Vinlandic is a male language spoken along the northeastern coast of North America, from New England up into Canada. Since it is a second language for all its speakers I decided it needed to be simple and easy to learn, with no fancy syntax or morphology. I also decided it would lack labial sounds (p, b and m) because displaying their enlarged canines is an important aspect of male skrayling body language and thus sounds that involve closing the lips would be avoided. Instead it has a lot of sibillant, throaty and trilling sounds, so that to the Elizabethans it sounds more like an animal growling than proper speech!
Most of the skrayling character names in Night’s Masque are Vinlandic: Kiiren, Sekhaarhjarret, Erishen, Ruviq, Hennaq, Tanijeel.
Aiyalura is a female language and hence seldom encountered in the Night’s Masque books. Like Vinlandic it is not the mother tongue of any extant settlement; however this is because it is the ancestor of a group of present-day female languages spoken in the same region as Vinlandic. It thus occupies a place similar to Latin in skrayling culture, being used for academic and record-keeping purposes.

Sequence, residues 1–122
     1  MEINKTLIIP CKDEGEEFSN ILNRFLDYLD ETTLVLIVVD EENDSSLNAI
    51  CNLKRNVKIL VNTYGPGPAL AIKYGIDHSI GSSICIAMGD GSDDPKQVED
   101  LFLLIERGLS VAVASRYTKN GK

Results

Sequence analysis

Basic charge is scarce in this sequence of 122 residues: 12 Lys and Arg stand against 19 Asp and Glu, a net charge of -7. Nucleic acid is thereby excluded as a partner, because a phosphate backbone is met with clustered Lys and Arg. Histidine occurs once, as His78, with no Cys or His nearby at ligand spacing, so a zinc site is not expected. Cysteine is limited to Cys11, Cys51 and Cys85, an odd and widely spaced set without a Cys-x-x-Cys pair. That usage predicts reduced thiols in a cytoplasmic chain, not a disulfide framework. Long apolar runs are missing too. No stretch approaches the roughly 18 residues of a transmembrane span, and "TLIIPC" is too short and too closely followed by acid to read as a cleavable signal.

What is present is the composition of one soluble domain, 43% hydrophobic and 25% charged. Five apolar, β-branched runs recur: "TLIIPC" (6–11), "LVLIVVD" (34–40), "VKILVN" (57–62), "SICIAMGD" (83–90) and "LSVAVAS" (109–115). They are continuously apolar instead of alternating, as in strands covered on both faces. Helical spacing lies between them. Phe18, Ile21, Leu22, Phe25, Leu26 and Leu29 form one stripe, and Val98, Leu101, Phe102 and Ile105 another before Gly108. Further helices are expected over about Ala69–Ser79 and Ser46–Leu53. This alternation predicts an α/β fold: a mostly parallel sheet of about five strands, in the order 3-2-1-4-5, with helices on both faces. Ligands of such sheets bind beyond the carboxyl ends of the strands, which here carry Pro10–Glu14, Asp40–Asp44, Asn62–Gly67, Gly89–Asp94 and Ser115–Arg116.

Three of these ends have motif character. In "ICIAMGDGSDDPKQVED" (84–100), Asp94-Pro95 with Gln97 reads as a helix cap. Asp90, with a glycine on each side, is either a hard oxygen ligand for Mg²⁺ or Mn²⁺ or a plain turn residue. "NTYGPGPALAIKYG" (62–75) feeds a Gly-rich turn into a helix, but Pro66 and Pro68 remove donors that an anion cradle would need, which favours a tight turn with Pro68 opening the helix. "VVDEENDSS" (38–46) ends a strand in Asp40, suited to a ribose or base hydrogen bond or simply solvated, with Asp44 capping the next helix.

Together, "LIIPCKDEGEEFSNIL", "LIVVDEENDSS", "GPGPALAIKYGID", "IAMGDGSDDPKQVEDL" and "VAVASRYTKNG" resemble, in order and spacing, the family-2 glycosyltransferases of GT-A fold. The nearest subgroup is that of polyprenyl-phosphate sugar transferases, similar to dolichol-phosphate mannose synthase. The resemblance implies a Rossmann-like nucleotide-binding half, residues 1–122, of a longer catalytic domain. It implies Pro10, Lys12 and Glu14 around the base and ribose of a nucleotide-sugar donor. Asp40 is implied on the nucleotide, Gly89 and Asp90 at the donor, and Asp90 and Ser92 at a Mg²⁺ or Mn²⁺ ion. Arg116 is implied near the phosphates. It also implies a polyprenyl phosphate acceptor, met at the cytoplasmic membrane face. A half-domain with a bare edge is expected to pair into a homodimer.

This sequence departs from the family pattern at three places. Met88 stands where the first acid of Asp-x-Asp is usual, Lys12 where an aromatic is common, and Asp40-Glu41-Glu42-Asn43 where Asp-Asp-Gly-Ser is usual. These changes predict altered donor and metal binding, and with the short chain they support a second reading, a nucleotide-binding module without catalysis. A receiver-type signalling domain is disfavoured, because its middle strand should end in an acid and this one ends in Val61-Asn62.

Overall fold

With Aiyalura, my main aim was to make it contrast well enough with Vinlandic for readers to have a chance of guessing it was a different language. Hence it has lots of vowels (some of which are distinguished with accents) and is very multisyllabic, giving it a melodic quality that contrasts with the guttural sound of Vinlandic.
An example of Aiyalura: Icorrowe amayi’a. Dë sasayíhami onapama.
Tradetalk is a pidgin that developed out of the reluctance of Vinlandic traders to speak standard English because its prevalence of labial sounds (see above). It therefore uses a limited English vocabulary chosen to avoid these sounds. For example, the Tradetalk word for “man, male skrayling” is fellah, whilst “woman, female skrayling” is she-fellah.